OPINION | It’s shaping up to be another busy year for the superannuation industry in 2017.

More proposed legislation is set to come and there are inquiries underway in Parliament, the Productivity Commission and the industry itself.

Late last year, reforms were made to superannuation laws. Labor was broadly supportive of these changes, having led the debate on the need to update super tax breaks, particularly for high-income earners.

We also argued to ensure that low-income earners would not be disadvantaged when putting money into super.

Labor proposed a package that went further than the government’s legislation in two ways: by further reducing the annual non-concessional contributions cap to $75,000 (from $100,000) and by lowering the high-income superannuation contribution threshold to $200,000, not the $250,000 the government proposed.

In addition, Labor opposed several of the measures in the government’s package, which included new expenditure, including reforms that allowed catch-up concessional contributions and tax deductibility for personal superannuation contributions.

Defining super’s purpose

Now that the reforms have passed, however, the focus will shift to a range of other important issues in the sector, including defining the objective of superannuation.

Labor supports this, as recommended by the 2014 Financial System Inquiry, but believes it is crucial that we get it right, as it will set the framework for making decisions around superannuation policy into the future.

Labor referred the government’s Superannuation (Objective) Bill 2016 to a Senate committee late last year for further examination. This established that important concerns remain, including those of major industry bodies the Australian Institute of Superannuation Trustees, Industry Super Australia, the Financial Services Council, and the Association of Superannuation Funds of Australia, who all called for a rethink of the wording of the objective.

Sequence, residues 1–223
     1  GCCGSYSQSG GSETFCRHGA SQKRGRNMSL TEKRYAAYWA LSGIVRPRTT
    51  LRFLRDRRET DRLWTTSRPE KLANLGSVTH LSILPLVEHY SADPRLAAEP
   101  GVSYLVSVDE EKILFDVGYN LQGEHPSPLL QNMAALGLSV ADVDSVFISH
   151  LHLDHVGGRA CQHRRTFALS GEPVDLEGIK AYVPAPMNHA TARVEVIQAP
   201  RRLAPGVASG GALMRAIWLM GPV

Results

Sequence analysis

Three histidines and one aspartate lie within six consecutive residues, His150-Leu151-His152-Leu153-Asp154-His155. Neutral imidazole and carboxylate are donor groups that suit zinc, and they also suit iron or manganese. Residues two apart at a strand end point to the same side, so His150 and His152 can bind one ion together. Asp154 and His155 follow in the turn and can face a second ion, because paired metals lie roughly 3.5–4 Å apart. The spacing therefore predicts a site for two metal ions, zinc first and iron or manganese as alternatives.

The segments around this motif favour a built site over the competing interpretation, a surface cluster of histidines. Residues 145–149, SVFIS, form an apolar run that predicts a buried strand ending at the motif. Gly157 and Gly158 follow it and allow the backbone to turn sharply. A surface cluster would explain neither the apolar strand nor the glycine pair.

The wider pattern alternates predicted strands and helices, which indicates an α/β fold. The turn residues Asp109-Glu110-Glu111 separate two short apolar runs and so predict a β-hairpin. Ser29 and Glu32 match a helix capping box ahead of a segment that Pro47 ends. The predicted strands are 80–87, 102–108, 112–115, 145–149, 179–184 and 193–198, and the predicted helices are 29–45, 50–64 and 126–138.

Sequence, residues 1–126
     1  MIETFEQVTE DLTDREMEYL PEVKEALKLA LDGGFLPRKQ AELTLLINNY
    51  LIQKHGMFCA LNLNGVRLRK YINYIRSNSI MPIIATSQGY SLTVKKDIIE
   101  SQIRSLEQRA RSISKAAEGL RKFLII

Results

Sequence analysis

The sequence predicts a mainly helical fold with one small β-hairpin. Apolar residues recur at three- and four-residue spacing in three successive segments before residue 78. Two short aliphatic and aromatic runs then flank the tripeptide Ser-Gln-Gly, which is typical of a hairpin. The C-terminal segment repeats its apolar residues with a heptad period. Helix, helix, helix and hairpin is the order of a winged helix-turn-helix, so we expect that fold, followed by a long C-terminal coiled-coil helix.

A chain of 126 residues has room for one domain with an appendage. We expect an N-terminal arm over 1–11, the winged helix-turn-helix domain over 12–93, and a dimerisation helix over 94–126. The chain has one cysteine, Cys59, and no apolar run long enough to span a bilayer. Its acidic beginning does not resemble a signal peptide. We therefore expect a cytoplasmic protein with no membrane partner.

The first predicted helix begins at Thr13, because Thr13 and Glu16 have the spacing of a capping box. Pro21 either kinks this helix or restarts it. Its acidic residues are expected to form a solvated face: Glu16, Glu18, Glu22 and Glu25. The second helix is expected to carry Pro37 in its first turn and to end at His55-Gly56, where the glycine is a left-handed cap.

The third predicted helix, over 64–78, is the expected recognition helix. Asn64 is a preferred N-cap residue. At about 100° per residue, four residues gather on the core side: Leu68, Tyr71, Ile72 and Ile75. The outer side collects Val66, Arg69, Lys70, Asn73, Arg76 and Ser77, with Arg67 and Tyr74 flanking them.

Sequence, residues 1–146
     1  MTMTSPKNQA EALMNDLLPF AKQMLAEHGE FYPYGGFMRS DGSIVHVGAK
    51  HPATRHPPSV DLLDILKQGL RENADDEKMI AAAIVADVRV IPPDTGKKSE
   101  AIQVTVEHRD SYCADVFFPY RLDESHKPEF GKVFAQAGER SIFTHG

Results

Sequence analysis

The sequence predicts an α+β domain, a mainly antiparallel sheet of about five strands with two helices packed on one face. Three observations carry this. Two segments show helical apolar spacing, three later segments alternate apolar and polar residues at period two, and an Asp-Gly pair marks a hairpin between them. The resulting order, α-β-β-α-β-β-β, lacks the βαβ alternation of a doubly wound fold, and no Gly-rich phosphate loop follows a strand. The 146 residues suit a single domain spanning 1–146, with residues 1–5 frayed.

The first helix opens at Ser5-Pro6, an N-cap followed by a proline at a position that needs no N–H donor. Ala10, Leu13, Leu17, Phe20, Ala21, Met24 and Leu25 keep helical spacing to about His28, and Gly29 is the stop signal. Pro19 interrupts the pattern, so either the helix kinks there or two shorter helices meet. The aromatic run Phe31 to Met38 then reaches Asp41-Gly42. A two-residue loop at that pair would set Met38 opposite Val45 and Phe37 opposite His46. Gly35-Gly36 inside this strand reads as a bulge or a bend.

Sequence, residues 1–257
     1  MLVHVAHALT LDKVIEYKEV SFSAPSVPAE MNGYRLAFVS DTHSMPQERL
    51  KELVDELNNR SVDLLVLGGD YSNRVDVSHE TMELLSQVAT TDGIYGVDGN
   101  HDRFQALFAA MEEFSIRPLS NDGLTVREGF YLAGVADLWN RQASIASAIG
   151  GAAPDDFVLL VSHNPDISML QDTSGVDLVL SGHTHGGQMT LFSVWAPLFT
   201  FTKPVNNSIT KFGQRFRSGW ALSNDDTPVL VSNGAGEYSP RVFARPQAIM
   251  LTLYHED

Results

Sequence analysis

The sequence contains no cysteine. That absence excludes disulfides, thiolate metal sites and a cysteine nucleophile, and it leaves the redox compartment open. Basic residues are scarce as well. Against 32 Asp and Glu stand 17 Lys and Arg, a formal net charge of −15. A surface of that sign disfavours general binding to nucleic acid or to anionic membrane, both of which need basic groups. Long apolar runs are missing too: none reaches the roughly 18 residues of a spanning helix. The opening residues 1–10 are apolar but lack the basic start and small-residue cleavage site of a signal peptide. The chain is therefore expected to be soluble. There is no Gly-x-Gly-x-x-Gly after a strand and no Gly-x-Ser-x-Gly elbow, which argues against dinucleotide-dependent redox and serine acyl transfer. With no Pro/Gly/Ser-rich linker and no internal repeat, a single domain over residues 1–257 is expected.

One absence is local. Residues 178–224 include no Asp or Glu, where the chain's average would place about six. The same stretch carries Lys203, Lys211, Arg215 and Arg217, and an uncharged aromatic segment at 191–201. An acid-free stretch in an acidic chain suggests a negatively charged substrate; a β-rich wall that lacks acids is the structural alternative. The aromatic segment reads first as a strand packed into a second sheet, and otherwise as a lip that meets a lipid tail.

Labor has called on the government to consult further with the superannuation sector before proceeding with this legislation.

Labor will participate constructively in this process and I am already having discussions with stakeholders about their views and how we may reach agreement on such an important measure.

Many other issues remain high up on the political agenda for Labor, including: unpaid super; compliance; fees and charges; performance of funds; and insurance. There are several inquiries underway in these areas. I acknowledge that the industry itself has prioritised many of these issues and is leading work designed to improve services to members and help them maximise their superannuation savings.

There is also the Turnbull Government’s pursuit of superannuation governance changes and the Productivity Commission’s inquiry into competitiveness, efficiency and default arrangements – all to deal with this year.

Industry outreach

Labor’s focus for all of these reports, inquiries and debates will always be on the need for Australia’s superannuation system to put members’ interests first and to ensure that any policy or legislative changes serve their best interests.

I would like to take this opportunity to thank all of the organisations and individuals who have taken the time to talk with me in my first six months in the portfolio of financial services. I have learnt that it is certainly a dynamic and complex portfolio undergoing huge amounts of change. The advice I have received during my first few months in the role has been invaluable in assisting me with my job.

I look forward to strengthening these relationships in 2017.

ACT Senator Katy Gallagher is shadow minister for small business and financial services. This article first appeared in the May print edition of Investment Magazine. To subscribe and have the magazine delivered CLICK HERE. To sign-up for our free regular email newsletters CLICK HERE.

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